Q8. Does nutrition intervention improve outcomes? - Post treatment

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Q8. Does nutrition intervention improve outcomes? - Post treatment

Summary

The three level II positive quality studies [1][2][3] looked at the impact of dietetic counselling for up to three months post radiotherapy treatment, and found the nutrition intervention group had a smaller decline and faster recovery in quality of life [1], maintained or improved their nutritional status and quality of life [2] and had improved nutritional intake [3]. One level III-1 neutral quality study, which followed up patients for 10 weeks post radiotherapy, continued to demonstrate benefits of regular dietetic counselling on patient outcomes such as nutritional status and weight [4]. Longer-term studies have not been completed in this area, however, as many patients have still been shown to have symptoms and require enteral nutrition support for 6 months or more (see Q23 for further information), the benefits of dietetic intervention beyond 3 months could be expected to continue.

To determine whether nutritional status affects long-term outcomes - one level III-2 neutral quality study [5] shows that underweight patients (low body mass index (BMI)) have an increased risk of osteoradionecrosis (ORN). One level IV neutral quality study [6] found that patients who were considered malnourished at six months post treatment (>10% weight loss) had a reduced quality of life. One level IV neutral quality study also reported malnourished patients post treatment had reduced physical functioning and increased fatigue [7].

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Recommendation Grade
Nutrition intervention (dietary counselling and/or supplements) for 3 months post treatment improves/maintains nutritional status.
A
Nutrition intervention (dietary counselling and/or supplements) for 3 months post treatment improves/maintains quality of life.
A

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References

  1. 1.0 1.1 Isenring EA, Capra S, Bauer JD. Nutrition intervention is beneficial in oncology outpatients receiving radiotherapy to the gastrointestinal or head and neck area. Br J Cancer 2004 Aug 2;91(3):447-52 Abstract available at http://www.ncbi.nlm.nih.gov/pubmed/15226773.
  2. 2.0 2.1 Ravasco P, Monteiro-Grillo I, Marques Vidal P, Camilo ME. Impact of nutrition on outcome: a prospective randomized controlled trial in patients with head and neck cancer undergoing radiotherapy. Head Neck 2005 Aug;27(8):659-68 Abstract available at http://www.ncbi.nlm.nih.gov/pubmed/15920748.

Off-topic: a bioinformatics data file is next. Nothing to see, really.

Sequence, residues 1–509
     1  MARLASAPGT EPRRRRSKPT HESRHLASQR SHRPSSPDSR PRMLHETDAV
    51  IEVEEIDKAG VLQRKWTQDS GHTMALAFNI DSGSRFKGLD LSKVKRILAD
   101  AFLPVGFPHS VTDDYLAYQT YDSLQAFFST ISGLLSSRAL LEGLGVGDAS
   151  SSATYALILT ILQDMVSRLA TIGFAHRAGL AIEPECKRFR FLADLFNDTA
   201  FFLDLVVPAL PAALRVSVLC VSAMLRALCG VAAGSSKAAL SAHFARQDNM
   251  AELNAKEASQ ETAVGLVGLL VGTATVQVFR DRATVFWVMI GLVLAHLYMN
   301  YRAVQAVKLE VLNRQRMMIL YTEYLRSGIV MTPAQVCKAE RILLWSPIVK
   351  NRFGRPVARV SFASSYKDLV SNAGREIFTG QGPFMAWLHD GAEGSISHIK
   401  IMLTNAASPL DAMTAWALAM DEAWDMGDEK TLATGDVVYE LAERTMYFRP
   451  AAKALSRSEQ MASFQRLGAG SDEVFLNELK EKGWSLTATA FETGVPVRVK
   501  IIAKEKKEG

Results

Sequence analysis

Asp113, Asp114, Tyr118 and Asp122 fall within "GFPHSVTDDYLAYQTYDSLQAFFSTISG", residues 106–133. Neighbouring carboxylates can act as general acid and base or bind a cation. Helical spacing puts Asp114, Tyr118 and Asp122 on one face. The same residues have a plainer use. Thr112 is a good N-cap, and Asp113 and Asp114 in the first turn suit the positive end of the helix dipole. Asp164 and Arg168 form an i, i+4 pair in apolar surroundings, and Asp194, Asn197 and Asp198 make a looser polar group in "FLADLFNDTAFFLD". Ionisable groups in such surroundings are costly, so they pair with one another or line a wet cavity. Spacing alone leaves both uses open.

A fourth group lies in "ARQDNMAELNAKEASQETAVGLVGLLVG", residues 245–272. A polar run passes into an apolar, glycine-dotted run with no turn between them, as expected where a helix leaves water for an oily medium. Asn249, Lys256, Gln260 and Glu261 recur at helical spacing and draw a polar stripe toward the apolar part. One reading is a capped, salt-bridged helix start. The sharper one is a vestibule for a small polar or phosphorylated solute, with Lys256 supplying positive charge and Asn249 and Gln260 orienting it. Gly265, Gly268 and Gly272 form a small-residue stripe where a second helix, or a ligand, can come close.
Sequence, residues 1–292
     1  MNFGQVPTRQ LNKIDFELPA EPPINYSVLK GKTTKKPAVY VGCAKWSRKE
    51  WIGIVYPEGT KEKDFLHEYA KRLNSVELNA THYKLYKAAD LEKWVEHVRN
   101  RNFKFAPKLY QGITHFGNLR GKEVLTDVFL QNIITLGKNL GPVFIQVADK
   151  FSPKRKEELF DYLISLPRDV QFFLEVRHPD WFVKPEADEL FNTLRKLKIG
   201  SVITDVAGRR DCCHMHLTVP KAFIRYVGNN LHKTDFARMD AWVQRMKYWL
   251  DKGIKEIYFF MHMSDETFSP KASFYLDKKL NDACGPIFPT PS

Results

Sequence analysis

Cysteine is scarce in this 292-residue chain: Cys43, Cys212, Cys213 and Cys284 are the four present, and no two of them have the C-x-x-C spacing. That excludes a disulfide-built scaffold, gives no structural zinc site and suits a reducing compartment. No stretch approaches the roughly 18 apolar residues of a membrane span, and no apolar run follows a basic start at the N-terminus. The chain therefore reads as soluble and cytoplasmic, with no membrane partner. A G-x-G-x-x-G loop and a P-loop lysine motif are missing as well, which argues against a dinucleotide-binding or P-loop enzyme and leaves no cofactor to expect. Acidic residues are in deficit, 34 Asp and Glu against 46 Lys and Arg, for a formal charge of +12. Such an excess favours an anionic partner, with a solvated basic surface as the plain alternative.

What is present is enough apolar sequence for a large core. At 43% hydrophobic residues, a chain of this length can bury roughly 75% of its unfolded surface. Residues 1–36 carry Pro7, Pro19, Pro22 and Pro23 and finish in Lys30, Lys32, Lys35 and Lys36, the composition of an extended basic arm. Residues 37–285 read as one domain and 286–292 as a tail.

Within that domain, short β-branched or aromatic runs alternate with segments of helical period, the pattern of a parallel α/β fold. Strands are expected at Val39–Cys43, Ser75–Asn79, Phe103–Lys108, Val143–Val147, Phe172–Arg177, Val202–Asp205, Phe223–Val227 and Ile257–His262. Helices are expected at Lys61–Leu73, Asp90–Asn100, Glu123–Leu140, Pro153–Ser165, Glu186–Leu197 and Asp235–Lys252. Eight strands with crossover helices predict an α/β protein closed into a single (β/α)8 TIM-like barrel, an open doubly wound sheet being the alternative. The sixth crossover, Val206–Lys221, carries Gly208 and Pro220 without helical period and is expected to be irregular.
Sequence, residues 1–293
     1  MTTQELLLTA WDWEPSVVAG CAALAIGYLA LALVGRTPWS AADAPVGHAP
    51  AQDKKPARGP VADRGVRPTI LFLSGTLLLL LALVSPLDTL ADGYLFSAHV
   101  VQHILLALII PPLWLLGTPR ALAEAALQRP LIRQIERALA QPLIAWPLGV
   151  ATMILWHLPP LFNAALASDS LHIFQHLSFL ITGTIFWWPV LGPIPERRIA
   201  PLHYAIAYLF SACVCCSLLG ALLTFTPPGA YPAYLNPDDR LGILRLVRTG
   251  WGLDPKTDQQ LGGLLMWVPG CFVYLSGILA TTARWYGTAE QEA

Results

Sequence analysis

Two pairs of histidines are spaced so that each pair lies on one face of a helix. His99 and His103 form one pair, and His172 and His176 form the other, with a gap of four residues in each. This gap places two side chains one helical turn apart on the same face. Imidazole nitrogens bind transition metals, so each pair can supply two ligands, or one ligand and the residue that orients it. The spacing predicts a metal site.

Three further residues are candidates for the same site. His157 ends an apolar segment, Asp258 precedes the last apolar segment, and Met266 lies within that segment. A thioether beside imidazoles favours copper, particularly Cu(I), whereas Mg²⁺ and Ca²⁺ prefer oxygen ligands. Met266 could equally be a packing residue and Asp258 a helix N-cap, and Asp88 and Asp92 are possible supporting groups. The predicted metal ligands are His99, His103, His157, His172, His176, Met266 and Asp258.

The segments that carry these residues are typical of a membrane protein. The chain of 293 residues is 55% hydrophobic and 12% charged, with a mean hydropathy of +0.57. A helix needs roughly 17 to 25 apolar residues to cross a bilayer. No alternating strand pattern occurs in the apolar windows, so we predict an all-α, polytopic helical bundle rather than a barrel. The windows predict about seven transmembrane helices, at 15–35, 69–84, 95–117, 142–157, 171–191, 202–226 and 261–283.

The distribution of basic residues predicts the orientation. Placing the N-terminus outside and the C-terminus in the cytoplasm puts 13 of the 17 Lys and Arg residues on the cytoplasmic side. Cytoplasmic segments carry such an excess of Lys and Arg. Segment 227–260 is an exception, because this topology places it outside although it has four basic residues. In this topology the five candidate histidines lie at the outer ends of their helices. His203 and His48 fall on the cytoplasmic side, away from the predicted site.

3. 3.0 3.1 Isenring EA, Bauer JD, Capra S. Nutrition support using the American Dietetic Association medical nutrition therapy protocol for radiation oncology patients improves dietary intake compared with standard practice. J Am Diet Assoc 2007 Mar;107(3):404-12 Abstract available at http://www.ncbi.nlm.nih.gov/pubmed/17324657.
  4. van den Berg MG, Rasmussen-Conrad EL, Wei KH, Lintz-Luidens H, Kaanders JH, Merkx MA. Comparison of the effect of individual dietary counselling and of standard nutritional care on weight loss in patients with head and neck cancer undergoing radiotherapy. Br J Nutr 2010 Sep;104(6):872-7 Abstract available at http://www.ncbi.nlm.nih.gov/pubmed/20441684.
  5. Goldwaser BR, Chuang SK, Kaban LB, August M. Risk factor assessment for the development of osteoradionecrosis. J Oral Maxillofac Surg 2007 Nov;65(11):2311-6 Abstract available at http://www.ncbi.nlm.nih.gov/pubmed/17954330.
  6. van den Berg MG, Rasmussen-Conrad EL, van Nispen L, van Binsbergen JJ, Merkx MA. A prospective study on malnutrition and quality of life in patients with head and neck cancer. Oral Oncol 2008 Sep;44(9):830-7 Abstract available at http://www.ncbi.nlm.nih.gov/pubmed/18243771.
  7. Jager-Wittenaar H, Dijkstra PU, Vissink A, van der Laan BF, van Oort RP, Roodenburg JL. Malnutrition and quality of life in patients treated for oral or oropharyngeal cancer. Head Neck 2011 Apr;33(4):490-6 Abstract available at http://www.ncbi.nlm.nih.gov/pubmed/20824806.

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